National education in Hong Kong

National education course should have nothing to do with indoctrination

PUBLISHED : Sunday, 25 March, 2012, 12:00am
UPDATED : Sunday, 25 March, 2012, 12:00am

There has been a great deal of debate about implementation of a national education course in our schools.

Sceptics have argued that such a subject could become one-sided, with an attempt made to implant in students knowledge and attitudes that take a perspective that favours the central government.

Some teachers have said that national education is not needed as a separate subject and can be adequately dealt with as part of the existing Chinese history curriculum.

Other teachers fear they will lose the freedom of speech they currently enjoy within the Hong Kong education system, because they would be discouraged from discussing attitudes critical of the leadership in Beijing.

I believe that Chinese citizenship is more than a subject. If it can be taught well and tailored to local needs, its skills and values will lead to a balanced and holistic development of our national identity.

National education is about enabling people to make their own decisions and to take responsibility for their own lives and communities. Chinese citizenship education is an important opportunity for us to explore students' social and political views about the country. It is not about trying to fit everyone into the same mould and to produce the same standard, or about creating the so-called 'model' or 'good' citizen from a government perspective. Liberal studies has limitations in this regard as it takes a more analytical, macro and rational perspective. In Britain 'citizenship' is even an elective subject. On the mainland and in the United States, it is compulsory. Compulsory national education is needed in Hong Kong.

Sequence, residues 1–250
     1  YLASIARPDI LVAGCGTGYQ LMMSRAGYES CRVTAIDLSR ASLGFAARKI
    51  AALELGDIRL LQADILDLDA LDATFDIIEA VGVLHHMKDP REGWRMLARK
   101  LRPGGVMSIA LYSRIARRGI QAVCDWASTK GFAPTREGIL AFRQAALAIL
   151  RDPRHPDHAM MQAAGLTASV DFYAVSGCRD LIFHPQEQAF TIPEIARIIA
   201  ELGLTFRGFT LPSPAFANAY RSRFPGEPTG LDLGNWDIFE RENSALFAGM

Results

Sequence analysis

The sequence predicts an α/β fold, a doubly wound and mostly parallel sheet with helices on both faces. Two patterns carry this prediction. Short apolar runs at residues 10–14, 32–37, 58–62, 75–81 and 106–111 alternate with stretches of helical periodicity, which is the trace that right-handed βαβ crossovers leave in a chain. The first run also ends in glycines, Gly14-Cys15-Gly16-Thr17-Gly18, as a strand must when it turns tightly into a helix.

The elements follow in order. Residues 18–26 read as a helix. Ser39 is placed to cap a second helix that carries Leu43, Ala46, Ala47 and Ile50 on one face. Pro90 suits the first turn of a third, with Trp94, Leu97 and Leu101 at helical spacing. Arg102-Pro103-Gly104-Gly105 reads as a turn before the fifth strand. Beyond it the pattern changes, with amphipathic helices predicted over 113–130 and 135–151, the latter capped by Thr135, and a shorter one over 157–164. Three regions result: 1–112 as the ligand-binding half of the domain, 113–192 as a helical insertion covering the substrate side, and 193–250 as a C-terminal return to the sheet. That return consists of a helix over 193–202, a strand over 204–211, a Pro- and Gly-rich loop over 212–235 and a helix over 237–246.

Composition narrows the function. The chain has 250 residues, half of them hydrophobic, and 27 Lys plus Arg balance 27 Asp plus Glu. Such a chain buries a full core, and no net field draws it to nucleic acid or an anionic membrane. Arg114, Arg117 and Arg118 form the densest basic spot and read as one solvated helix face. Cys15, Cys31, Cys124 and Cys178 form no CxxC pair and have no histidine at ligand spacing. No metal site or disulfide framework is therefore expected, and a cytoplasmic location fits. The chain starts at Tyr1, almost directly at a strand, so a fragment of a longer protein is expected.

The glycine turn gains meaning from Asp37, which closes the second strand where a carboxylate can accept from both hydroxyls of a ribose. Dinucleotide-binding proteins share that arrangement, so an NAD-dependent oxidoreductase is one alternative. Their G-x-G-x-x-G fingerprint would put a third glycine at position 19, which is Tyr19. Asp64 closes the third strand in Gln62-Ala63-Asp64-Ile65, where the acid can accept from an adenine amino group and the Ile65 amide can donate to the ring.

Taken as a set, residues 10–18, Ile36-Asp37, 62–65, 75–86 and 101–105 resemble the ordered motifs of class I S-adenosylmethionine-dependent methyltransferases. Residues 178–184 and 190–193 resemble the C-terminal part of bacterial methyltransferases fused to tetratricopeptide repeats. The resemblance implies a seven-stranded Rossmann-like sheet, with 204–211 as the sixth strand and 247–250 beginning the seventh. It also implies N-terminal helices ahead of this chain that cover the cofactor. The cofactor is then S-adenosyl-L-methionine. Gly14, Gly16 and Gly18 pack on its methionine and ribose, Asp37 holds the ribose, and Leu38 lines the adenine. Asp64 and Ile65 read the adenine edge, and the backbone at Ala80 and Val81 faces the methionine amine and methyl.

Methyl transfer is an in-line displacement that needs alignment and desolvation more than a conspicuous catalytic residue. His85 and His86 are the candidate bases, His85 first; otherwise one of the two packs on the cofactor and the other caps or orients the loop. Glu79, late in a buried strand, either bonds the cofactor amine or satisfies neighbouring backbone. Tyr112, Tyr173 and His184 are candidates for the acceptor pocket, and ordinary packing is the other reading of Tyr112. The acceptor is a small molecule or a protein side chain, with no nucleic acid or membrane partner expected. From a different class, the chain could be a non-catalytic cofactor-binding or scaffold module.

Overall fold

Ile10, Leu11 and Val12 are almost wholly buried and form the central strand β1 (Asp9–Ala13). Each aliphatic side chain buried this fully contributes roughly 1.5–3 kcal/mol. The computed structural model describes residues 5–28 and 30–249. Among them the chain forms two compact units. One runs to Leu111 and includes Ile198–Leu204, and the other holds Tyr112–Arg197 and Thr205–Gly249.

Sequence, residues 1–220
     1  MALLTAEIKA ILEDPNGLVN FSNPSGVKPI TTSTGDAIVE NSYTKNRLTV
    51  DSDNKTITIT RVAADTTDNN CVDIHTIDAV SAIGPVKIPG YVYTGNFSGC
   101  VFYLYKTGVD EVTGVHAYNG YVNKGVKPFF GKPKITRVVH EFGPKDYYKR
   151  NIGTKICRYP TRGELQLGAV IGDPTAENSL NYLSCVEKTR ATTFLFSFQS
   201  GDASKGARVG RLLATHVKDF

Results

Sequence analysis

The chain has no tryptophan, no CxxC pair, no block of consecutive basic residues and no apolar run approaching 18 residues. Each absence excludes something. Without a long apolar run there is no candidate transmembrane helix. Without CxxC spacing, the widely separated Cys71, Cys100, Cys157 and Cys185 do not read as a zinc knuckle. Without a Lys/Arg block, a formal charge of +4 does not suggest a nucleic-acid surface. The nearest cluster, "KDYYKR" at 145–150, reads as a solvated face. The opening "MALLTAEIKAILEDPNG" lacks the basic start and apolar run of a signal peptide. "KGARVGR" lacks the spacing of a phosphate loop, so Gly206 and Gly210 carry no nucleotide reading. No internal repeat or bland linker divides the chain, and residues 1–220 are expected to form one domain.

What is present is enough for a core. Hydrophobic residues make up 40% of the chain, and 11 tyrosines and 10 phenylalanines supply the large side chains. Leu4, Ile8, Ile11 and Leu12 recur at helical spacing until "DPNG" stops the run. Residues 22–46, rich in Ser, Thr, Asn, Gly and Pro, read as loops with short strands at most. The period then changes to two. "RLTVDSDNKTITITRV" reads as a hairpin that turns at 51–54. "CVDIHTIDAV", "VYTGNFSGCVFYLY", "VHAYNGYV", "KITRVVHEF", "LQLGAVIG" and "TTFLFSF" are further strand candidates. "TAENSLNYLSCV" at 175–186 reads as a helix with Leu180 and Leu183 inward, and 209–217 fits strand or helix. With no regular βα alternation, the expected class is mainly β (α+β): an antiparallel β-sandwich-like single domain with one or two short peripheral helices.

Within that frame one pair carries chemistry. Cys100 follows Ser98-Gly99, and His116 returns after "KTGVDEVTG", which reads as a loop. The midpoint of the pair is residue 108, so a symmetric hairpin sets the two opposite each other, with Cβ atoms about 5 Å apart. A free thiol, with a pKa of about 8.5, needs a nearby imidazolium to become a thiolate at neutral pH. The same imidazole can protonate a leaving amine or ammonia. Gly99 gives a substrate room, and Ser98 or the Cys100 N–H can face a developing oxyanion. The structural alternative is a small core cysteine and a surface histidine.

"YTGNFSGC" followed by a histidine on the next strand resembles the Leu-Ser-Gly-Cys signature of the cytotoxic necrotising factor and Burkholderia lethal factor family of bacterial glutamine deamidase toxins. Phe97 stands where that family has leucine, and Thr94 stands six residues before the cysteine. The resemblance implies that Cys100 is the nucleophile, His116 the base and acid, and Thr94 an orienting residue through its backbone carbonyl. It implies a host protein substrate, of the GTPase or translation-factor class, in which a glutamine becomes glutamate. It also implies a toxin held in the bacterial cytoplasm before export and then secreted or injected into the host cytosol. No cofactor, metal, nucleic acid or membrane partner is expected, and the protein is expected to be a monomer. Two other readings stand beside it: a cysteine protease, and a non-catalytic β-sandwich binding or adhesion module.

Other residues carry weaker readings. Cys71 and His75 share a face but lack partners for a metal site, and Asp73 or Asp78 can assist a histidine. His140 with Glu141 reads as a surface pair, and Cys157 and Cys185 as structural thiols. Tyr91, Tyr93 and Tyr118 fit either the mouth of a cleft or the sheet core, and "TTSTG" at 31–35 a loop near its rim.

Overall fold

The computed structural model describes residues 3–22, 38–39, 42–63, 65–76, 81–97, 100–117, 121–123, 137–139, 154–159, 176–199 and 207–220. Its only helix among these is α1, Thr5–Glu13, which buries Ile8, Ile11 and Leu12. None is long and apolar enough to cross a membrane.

For local university graduates or even school leavers, knowing Putonghua and having a proper knowledge of China's culture, politics and business environment is an advantage in the job market. In schools there is a lack of education about contemporary China.

I am not denying the value of Chinese history as a subject, but it fails to provide the whole picture. Students also need to understand modern Chinese culture, that is, the arts, mass media, economics, politics and laws. Students should be trained to read simplified Chinese and speak Putonghua. The new subject could be included in the junior form curriculum or as an elective in senior form.

Stefan Lam Kit-yung, Tuen Mun